As CVS Health has a meaningful amount of debt, we need to check its balance sheet to see if the company might have debt risks. A quick check of its financial situation can be done with two ratios: net debt divided by EBITDA (earnings before interest, tax, depreciation and amortisation), and net interest cover. Net debt to EBITDA is a measure of a company's total debt. Net interest cover measures the ability to meet interest payments. Essentially we check that a) the company does not have too much debt, and b) that it can afford to pay the interest. CVS Health has net debt of 3.87 times its EBITDA, which is getting towards the limit of most investors' comfort zones. Judicious use of debt can enhance shareholder returns, but also adds to the risk if something goes awry.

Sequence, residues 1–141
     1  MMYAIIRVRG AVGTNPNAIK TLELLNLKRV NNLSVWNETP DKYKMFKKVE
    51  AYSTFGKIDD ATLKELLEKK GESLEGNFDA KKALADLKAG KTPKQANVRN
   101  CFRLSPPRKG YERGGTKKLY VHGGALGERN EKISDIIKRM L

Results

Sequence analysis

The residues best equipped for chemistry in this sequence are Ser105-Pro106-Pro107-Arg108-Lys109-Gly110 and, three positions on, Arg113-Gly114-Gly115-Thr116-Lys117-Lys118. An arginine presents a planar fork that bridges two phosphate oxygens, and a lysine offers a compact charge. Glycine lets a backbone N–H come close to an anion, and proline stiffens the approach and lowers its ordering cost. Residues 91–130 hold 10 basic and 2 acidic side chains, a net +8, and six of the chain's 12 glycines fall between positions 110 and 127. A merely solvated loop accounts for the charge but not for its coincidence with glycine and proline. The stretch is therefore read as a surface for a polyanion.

We calculated its interest cover by measuring its earnings before interest and tax (EBIT), and dividing this by the company's net interest expense. Net interest cover of 5.68 times its interest expense appears reasonable for CVS Health, although we're conscious that even high interest cover doesn't make a company bulletproof.

Consider getting our latest analysis on CVS Health's financial position here.

Dividend Volatility

From the perspective of an income investor who wants to earn dividends for many years, there is not much point buying a stock if its dividend is regularly cut or is not reliable. CVS Health has been paying dividends for a long time, but for the purpose of this analysis, we only examine the past 10 years of payments. During this period the dividend has been stable, which could imply the business could have relatively consistent earnings power. During the past ten-year period, the first annual payment was US$0.30 in 2010, compared to US$2.00 last year. This works out to be a compound annual growth rate (CAGR) of approximately 21% a year over that time.

It's rare to find a company that has grown its dividends rapidly over ten years and not had any notable cuts, but CVS Health has done it, which we really like.